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Lebanon’s maid trade is modified slavery

Despite frequent abuse, immigrant domestic workers in Lebanon are denied protection under the law

March 26, 2015 2:00AM ET

When I checked in online recently for a Lufthansa flight to Beirut, a pop-up window prompted me to confirm my compliance with two important Lebanese entry regulations. The first was that “holders of passports containing any Israeli visa or stamp will be refused entry” — understandable, given Lebanon’s acute Israeli spy problem.

The second was that “maids must ensure that their passport includes a departure stamp issued by the country they departed from.” This regulation targeting maids (or, as we call them in polite conversation, domestic workers) highlights one of Lebanon’s many social afflictions: the relegation of a substantial portion of the population to an inferior tier of existence.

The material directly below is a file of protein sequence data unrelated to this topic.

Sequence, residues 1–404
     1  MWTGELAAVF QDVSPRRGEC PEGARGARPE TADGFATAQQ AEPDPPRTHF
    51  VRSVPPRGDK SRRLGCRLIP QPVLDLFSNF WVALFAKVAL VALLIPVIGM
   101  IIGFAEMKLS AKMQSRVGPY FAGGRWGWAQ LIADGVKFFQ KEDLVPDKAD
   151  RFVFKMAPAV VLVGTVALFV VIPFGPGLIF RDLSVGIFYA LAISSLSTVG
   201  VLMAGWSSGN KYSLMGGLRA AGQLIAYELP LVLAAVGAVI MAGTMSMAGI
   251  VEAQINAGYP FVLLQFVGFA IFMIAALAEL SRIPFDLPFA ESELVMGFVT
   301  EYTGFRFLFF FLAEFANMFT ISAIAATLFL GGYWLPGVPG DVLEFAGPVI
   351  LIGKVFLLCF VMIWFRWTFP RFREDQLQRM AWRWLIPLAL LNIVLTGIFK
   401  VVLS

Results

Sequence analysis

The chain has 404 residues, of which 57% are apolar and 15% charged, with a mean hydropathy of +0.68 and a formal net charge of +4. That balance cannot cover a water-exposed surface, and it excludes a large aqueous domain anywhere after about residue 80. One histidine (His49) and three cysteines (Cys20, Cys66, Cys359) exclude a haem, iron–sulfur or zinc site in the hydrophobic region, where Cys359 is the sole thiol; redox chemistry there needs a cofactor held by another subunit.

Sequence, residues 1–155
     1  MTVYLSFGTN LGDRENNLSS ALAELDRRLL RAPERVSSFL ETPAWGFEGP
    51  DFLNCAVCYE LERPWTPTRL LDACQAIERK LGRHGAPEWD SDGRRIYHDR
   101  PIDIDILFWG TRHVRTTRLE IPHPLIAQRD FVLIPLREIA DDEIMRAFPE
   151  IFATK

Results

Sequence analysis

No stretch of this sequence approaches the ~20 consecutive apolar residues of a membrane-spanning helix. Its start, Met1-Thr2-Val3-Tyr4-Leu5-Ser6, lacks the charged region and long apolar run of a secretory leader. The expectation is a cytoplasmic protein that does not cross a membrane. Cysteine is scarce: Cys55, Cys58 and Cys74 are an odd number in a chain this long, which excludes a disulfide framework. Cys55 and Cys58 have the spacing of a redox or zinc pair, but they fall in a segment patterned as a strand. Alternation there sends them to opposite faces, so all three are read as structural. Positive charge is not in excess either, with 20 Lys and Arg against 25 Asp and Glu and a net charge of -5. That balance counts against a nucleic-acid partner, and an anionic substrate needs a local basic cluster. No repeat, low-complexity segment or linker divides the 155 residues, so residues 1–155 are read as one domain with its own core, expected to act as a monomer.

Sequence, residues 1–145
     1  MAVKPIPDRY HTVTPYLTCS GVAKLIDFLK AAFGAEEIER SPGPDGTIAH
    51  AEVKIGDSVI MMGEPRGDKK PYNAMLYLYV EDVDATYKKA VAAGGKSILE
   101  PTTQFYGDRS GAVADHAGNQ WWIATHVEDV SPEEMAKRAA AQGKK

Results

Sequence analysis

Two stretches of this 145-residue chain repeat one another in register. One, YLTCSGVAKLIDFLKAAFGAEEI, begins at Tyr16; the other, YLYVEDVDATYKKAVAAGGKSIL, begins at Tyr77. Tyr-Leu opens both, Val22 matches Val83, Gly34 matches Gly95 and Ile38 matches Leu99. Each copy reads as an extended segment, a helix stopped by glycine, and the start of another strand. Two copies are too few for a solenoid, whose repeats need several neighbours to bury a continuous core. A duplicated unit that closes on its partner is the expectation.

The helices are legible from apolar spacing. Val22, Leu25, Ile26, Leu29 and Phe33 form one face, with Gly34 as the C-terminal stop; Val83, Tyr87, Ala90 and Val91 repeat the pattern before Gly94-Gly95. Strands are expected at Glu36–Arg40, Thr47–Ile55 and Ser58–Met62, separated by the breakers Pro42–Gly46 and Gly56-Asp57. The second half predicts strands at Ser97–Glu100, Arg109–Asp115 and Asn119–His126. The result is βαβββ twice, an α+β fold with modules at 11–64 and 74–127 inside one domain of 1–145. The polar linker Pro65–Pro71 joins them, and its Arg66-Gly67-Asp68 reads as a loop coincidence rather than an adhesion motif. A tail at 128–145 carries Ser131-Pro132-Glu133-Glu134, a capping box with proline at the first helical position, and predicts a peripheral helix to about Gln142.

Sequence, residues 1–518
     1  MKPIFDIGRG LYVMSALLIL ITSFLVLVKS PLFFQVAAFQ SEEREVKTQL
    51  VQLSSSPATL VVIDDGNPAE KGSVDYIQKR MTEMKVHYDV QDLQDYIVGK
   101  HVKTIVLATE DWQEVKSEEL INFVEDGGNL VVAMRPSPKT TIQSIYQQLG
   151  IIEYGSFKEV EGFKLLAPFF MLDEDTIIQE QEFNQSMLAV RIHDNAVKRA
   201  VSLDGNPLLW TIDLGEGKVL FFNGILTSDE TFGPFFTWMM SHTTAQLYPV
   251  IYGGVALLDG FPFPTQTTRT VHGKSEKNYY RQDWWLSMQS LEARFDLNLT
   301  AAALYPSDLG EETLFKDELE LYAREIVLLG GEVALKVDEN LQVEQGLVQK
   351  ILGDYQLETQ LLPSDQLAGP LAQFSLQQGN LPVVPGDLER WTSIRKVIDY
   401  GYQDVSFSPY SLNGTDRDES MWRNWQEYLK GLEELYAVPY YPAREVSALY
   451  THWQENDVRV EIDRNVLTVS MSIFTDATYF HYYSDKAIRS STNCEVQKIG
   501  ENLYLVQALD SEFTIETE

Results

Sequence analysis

According to the International Labor Organization, there are more than 250,000 female immigrant domestic workers in Lebanon, a country that had a population of just 4 million before the recent influx of displaced Syrians. These refugees have now joined immigrant laborers, sanitation workers and others on the lowest rung of Lebanese society.

The female domestic workers — who hail from Sri Lanka, Ethiopia, the Philippines, Nepal and elsewhere — operate under kafala, a sponsorship system that Lebanon shares with the Gulf monarchies. Under the kafala system, immigrant workers are sponsored directly by employers, with no recourse to Lebanese labor law or other state protections.

Reports abound of pervasive abuse by sponsors — including beatings, confiscated passports and withheld wages, not to mention the practice of holding employees hostage inside locked houses. Suicide is rampant; there is no shortage of reports of domestic workers plunging off balconies.

Architecture of abuse

The direness of the situation, however, barely registers in Lebanon. Perhaps one reason is that premature death is more familiar in this conflict-plagued nation than it is elsewhere.

But the lack of concern is better explained by the dehumanization of immigrant workers, who have been incorporated as accessories into many well-to-do Lebanese households — and some not-so-well-to-do ones. Maid’s rooms, a common feature of residential architecture, are often indistinguishable from closets.